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Ask the governor to veto SB 556, the broadband bill

Ask the governor to veto SB 556, the broadband bill

  • Updated

A recent commentary entitled, “The Digital Divide’s reliable solution” (Sept. 2) did an excellent job explaining why SB 556, a state bill to preempt local control over cell antennas on locally-owned street light and traffic signal poles, is not in the best interest of local communities and should be opposed.

The letter also explained why increased access to broadband fiber internet services, using wired connections, should be promoted instead. We would like to add a few points.

This is not the first time that a wireless state preemption bill has passed through the California legislature and been presented to a governor. Four years ago, the State Senate passed SB 649, a similar industry-sponsored bill. Along with many others, both the city and county of Napa wrote letters opposing that bill, and fortunately Governor Brown vetoed it.

State Sen. Bill Dodd, author of SB 556, wrongly stated that “a small but vocal number of critics consistently fight against expanded coverage.” We would like to draw his attention to two Napa City Council meetings (on Oct. 15 and Nov. 5, 2019) when 28 Verizon cell antennas were narrowly approved in a 3-2 vote. According to the City Council members who voted to approve those cell antennas, they did so not because they wished to but because they were afraid of a lawsuit.

Furthermore, they did so after hours of public testimony by diverse community members, public testimony that lasted late into the night and had to be continued at another meeting. We encourage Dodd to listen to those public hearings to get more in tune with the sentiments of Napa’s citizens on this issue.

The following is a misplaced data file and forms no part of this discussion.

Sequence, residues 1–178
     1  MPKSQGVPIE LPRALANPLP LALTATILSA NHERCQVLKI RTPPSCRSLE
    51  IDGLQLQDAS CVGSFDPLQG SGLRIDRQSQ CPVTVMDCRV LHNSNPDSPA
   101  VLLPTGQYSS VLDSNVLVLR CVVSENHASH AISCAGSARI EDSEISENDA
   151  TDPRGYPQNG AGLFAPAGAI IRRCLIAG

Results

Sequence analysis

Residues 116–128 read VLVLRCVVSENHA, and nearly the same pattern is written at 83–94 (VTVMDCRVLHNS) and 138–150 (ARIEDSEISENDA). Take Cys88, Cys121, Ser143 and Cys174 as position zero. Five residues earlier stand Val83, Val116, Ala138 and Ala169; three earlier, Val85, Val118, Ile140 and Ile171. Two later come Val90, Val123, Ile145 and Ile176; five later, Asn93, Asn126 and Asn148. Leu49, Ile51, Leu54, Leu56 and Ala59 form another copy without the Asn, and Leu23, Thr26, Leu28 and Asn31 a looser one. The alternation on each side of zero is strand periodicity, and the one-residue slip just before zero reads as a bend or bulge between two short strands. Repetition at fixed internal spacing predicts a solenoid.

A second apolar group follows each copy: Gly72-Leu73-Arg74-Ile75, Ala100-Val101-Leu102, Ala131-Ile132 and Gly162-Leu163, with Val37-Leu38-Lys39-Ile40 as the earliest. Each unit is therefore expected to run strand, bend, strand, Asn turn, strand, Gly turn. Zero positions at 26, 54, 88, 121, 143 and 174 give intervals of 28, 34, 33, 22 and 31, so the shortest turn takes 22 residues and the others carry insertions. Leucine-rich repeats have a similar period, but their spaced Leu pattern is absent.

Dodd has already received at least $80,000 in donations from the telecommunications industry according to How much more in donations will he get from his promotion of this industry-friendly bill?

This bill is neoliberalism at its worst. It takes away local governments’ ability to regulate wireless installations to protect public interests without putting in place any regulations at the state level. It promotes corporate interests, while making false promises of a public benefit, in this case promising to “close the digital divide” and bring greater “equity” in terms of internet services.

Allowing wireless carriers unfettered access to locally-owned street lights and traffic signal poles will not expand internet services to rural areas and low-income neighborhoods. Wireless providers have no interest in going into remote, rural areas where there are not enough potential users to recoup their investment.

In urban areas, poverty, not availability, keeps low-income residents from accessing internet services that are already widely available; and, unstable, potentially unsafe wireless connections are anything but “equitable.” Making fast, safe, reliable broadband fiber internet service low-cost or free to those who need it is the equitable solution.

In truth, this bill aims to promote the Internet of Things (IoT) by putting in place the 5G infrastructure needed for autonomous vehicles and “smart” home appliances, all luxury items only the wealthy can afford. Corporate profits would increase not only from their sale but also from the mining of data these products facilitate, data which would be sold and used against us in advertising campaigns to encourage even more consumerism.

Meanwhile, without local regulations, average citizens would suffer the consequences in terms of the negative aesthetic impact, lower property values, and increased health risks if cell antennas are placed in close proximity to their homes, schools, and businesses.

This bill is now sitting on Gov. Newsom’s desk. Please email him, or sign the online petition, asking him to follow Gov. Brown by vetoing another bad telecom bill.

Amy Martenson, Valerie Wolf, Sharon Parham, and Suzanne Baumann

Napa Neighborhood Association for Safe Technology

Editor's Note: The Register ask Sen. Dodd about the points raised by the authors. He sent the following response: "The reality is, SB 556 was approved with overwhelming, bipartisan support of both houses of the Legislature — the elected representatives of more than 40 million Californians. A vocal minority claiming to not be a minority doesn’t change the facts, just as their unscientific criticisms don’t alter the plain truth that wireless broadband is safe and necessary for education, businesses and public safety. This bill represents a real opportunity to improve coverage locally, and anyone who has ever had a dropped call or is unable to get high-speed internet knows how disruptive that is."


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